Compared with participants who experienced no decline, risk for dementia was highest in the participants who experienced declines in both gait and memory, as measured on the HVLT-R (hazard ratio [HR], 24.9; 95% CI, 16.5 – 37.6), followed by those with declines in both gait and cognitive function on the 3MS (HR, 22.2; 95% CI, 15.0 – 32.9), both gait and verbal fluency on the COWAT-F (HR, 4.7; 95% CI, 3.5 – 6.3), and both gait and processing speed on the SDMT (HR, 4.3; 95% CI, 3.2 – 5.8; all comparisons, P < .001).
“All the dual categories had an increased risk of dementia, but it was that combination of gait and memory that had the highest risk,” said Callisaya. “Really importantly, it had a higher risk of dementia than just gait or memory decline alone.”
Participants were in their 70s and were “very healthy” at the start of the study, she noted. The data are thus important “even in healthy people.”
Gait speed, which is a good “general measure of overall health,” starts to decline when individuals are in their 50s and 60s, said Callisaya, who has a background in physical therapy and is a self-professed “gait fanatic.”
Experts recommend that gait be assessed regularly in general practice with respect to the risk for falls. Gait speed can be added to a memory or cognitive screen “to give a better idea of whether a patient is at increased risk of dementia,” Callisaya said. “It’s also a great way of tracking over time how someone is doing.”
She noted that if a patient’s gait speed is slowing, clinicians might consider “all those preventative interventions we know are important for reducing risk of dementia, like exercise, diet, lowering blood pressure, and addressing diabetes and obesity.”
Include in Routine Assessments?
In an accompanying editorial, Joe Verghese, MD, professor of neurology and medicine and chief of the Divisions of Cognitive and Motor Aging (Neurology) and Geriatrics (Medicine) at the Albert Einstein College of Medicine, New York City, notes that the study “highlights the clinical relevance of identifying gait markers of dementia in older individuals.”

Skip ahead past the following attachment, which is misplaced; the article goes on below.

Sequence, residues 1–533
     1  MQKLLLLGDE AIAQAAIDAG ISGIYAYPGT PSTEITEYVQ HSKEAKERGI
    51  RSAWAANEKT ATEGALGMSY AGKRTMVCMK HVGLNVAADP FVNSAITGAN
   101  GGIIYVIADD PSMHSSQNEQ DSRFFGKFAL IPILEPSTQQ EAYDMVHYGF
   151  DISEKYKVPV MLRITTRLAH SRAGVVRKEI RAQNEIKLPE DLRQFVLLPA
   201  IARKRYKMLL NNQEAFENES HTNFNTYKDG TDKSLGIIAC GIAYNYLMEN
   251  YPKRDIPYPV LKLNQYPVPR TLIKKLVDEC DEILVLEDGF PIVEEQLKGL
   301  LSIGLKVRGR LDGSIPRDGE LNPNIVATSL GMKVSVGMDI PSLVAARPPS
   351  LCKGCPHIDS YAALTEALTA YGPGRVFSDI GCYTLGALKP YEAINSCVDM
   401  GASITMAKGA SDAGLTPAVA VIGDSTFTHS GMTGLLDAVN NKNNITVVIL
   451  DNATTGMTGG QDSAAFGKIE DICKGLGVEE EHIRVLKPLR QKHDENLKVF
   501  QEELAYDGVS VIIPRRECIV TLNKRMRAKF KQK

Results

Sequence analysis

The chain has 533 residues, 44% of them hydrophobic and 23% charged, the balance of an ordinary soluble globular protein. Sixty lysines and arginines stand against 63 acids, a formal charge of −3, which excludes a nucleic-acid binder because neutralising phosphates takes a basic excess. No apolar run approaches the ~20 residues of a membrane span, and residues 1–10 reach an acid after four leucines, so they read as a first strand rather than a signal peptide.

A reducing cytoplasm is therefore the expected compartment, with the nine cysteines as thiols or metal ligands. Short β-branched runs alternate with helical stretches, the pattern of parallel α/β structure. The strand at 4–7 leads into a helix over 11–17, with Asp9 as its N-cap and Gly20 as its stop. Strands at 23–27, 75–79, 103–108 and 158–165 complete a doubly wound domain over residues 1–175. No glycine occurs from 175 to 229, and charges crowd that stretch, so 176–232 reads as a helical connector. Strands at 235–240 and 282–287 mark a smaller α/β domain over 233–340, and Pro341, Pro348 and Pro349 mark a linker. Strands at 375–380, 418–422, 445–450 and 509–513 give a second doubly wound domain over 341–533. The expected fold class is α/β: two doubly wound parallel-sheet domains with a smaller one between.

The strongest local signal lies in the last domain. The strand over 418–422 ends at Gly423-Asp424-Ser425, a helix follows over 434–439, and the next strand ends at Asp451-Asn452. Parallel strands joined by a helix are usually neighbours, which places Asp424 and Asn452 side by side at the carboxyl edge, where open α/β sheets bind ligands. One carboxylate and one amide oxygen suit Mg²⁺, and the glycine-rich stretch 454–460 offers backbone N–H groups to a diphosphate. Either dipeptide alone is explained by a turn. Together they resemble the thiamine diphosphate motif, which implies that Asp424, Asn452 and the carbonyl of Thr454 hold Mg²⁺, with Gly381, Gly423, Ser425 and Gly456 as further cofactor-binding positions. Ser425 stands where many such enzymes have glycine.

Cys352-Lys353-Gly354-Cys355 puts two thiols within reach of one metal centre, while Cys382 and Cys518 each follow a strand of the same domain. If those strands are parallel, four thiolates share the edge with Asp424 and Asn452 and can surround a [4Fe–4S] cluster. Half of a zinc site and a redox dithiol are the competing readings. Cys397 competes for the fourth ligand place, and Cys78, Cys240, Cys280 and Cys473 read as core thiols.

Despite the predictive validity of gait assessments in the geriatric population, there is an “implementation barrier for routine gait assessment in clinics” that “needs to be addressed to improve care of older patients,” he writes.
Verghese told Medscape Medical News one way to remove this barrier is to make “the time and space available to conduct gait assessments in clinical settings.”
He agreed with Callisaya that gait speed assessments “are brief and do not require elaborate equipment or even a clinician to administer.”
Assessments of gait speed, which predict not only dementia but also falls, disability, and other geriatric syndromes, should be included as a “vital sign,” as is heart rate or blood pressure, in the routine assessment of all geriatric patients, Verghese concluded.
The ASPREE trial received funding from the National Institute on Aging in the US and from the National Health and Medical Research Council in Australia. AG Bayer provided aspirin and matching placebo for the trial. Callisaya has reported no relevant financial relationships. Verghese has received funding from the National Institutes of Health and has served on the advisory board of Catch-U, Inc, and MedRhythms, Inc.